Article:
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Definition || Types of Lipoproteins || Overview || Related Articles ||
References and Resources || Leave a Comment || Search


Everyone has heard the term "good" and "bad" cholesterol... But what exactly does that mean? Usually the doctor is not talking about cholesterol per say, but rather about molecules that contain a certain percentage of cholesterol. These molecules are known as "lipoproteins".

If we break the term lipoprotein down we get "lipo", meaning lipid (ie: fatty acids and/or cholesterol) and "protein", which is exactly what a lipoprotein molecule is: a conglomerate of different lipids and proteins.

The lipid component of lipoproteins generally refers to triglycerides (fatty acids connected to a glycerol backbone) and cholesterol. There are numerous protein molecules that associate with lipoproteins. Their function is to bind to different cells in the body so that the fat content of the lipoprotein can be utilized.

There are many different types of lipoprotein molecules. Each type has a different percentage of fat and protein. The more fatty material present (ie: cholesterol and triglycerides), the lower the density of the lipoprotein molecule. We will talk about four different lipoproteins from least dense (chylomicrons) to most dense (HDL).


Types of Lipoproteins

Chylomicrons || VLDL || LDL || HDL


The first and least dense (ie: highest content of fatty material) are lipoproteins known as chylomicrons. Chylomicrons are created in intestinal cells after fat has been absorbed from the diet. From there, they are released into the bloodstream. The fat content (mostly triglycerides) in chylomicrons is absorbed by many different cells in the body such as the liver, heart, skeletal muscle, and adipose tissue. These tissues use the fat as fuel, or store it for later use. In essence, you can think of chylomicrons as a delivery boy for fat.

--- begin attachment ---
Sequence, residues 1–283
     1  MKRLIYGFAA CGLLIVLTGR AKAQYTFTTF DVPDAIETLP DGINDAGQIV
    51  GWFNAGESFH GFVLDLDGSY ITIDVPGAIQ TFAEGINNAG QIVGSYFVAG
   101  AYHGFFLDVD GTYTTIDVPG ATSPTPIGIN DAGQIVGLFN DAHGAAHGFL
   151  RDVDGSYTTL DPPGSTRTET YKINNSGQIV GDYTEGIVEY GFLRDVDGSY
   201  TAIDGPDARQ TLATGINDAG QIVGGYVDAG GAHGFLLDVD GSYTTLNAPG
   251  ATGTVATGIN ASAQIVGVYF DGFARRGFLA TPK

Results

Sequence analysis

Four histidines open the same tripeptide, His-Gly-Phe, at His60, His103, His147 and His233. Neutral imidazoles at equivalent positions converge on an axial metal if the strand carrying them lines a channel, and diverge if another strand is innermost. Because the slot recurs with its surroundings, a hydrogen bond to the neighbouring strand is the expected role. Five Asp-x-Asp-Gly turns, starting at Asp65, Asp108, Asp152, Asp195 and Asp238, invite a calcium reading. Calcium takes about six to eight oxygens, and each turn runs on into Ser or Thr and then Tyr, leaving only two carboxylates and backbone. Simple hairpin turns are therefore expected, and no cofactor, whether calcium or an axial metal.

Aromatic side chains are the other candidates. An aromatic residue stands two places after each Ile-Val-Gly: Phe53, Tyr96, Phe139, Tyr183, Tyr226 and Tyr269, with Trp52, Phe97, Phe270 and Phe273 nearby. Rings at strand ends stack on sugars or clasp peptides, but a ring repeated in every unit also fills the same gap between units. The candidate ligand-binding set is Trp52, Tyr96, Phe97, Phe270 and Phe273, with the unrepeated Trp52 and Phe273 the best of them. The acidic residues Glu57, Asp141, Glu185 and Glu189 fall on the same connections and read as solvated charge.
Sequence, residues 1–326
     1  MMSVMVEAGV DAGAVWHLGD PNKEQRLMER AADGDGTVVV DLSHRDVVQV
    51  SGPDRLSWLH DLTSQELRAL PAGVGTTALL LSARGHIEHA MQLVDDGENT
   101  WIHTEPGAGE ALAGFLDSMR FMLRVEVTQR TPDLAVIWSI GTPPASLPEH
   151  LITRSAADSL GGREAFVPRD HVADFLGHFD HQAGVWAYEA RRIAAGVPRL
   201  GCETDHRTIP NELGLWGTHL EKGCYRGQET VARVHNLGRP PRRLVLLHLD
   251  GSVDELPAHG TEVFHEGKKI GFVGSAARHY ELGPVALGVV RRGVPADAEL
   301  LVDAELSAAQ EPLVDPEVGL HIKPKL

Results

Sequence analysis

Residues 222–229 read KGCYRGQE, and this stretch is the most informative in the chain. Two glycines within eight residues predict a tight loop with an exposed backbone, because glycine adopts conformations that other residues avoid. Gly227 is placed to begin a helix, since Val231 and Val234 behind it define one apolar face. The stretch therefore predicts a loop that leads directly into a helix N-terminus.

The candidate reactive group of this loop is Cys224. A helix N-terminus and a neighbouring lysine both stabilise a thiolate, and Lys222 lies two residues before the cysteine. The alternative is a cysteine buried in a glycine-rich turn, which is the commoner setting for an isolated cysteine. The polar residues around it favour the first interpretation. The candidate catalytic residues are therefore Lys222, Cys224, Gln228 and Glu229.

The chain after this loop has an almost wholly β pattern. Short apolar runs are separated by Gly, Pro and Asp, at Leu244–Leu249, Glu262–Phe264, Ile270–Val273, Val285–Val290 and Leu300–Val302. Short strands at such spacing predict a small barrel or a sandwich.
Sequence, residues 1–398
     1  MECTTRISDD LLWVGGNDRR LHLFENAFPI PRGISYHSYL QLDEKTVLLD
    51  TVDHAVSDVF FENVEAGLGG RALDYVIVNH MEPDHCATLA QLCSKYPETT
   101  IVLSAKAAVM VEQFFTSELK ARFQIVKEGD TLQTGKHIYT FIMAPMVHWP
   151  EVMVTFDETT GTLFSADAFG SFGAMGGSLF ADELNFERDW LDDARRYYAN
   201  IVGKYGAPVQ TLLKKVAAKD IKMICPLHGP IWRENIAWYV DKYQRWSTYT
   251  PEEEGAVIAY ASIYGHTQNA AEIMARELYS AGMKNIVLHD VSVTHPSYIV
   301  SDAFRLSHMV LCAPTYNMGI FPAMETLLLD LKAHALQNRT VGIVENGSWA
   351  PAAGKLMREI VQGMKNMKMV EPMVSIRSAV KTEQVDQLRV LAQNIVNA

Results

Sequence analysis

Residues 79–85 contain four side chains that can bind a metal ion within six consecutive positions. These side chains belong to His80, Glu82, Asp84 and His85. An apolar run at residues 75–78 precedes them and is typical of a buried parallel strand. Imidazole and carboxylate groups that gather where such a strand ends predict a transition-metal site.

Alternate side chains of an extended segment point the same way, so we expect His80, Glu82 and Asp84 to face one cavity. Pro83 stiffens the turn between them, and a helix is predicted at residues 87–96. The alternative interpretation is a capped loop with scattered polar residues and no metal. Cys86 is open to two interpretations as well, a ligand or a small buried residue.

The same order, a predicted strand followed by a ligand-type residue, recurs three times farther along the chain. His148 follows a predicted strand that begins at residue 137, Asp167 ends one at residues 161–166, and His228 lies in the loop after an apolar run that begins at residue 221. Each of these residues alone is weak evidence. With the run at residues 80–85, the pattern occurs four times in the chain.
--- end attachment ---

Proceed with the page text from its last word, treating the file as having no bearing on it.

Very Low Density Lipoprotein (VLDL)

The next most dense are very low density lipoprotein molecules (VLDL). These molecules are produced by the liver, and like chylomicrons, serve as a reservoir of fat content. They predominately carry triglycerides. Once secreted from the liver they are slowly cleaved into smaller and smaller particles as the fat content is utilized by different body tissues. Once the triglyceride content has been utilized they become LDL particles.


Low Density Lipoprotein (LDL)

Low density lipoprotein molecules are composed mostly of protein and cholesterol. Unlike chylomicrons and VLDL they do not deliver fat to peripheral tissues, but instead deliver cholesterol.

LDL is "bad"
Cholesterol (in moderation of course) is a vital component of cellular membranes. LDL is known as "bad" cholesterol because it is highly atherogeneic. For more information on why LDL is bad, read the article on atherosclerosis.


High Density Lipoprotein (HDL)

HDL is "good"
There are several functions that HDL performs. HDL particles serve as a reservoir for proteins used by other lipoprotein molecules such as apo C-II (used by chylomicrons and VLDL) and apo E (used by chylomicron remnants and IDLs). HDL in essence transfers these proteins to the other lipoprotein molecules floating around in the blood stream, which allows each lipoprotein molecule to perform its role more efficiently.

So why is HDL considered the "good" cholesterol? Because of its role in cholesterol metabolism. HDL molecules are capable of removing free cholesterol from the blood, and are also involved in removing cholesterol from peripheral tissues and delivering it back to the liver where it is excreted into the bile. Thus HDL can be thought of as a transporter of "toxic" cholesterol.



Lipoproteins are composed of lipids (either fatty acids or cholesterol) and proteins. There are several different types of lipoprotein molecules based on the percentage of lipid to protein. LDL is considered "bad" lipoprotein because it is the most atherogeneic. HDL is considered "good" lipoprotein because it can remove cholesterol from peripheral tissues and blood and deliver it back to the liver for excretion.


Related Articles

- Acute coronary syndromes and heart attack

- Atherosclerosis

- Cerebrovascular accident (stroke)


References and Resources

(1) Champe PC. Lippincott's Illustrated Reviews: Biochemistry. Second Edition. Lippincott-Ravens Publishers, 1992.

(2) Steinberg D, Witztum JL. Oxidized Low-Density Lipoprotein and Atherosclerosis. Arterioscler Thromb Vasc Biol. 2010 Dec;30(12):2311-2316.


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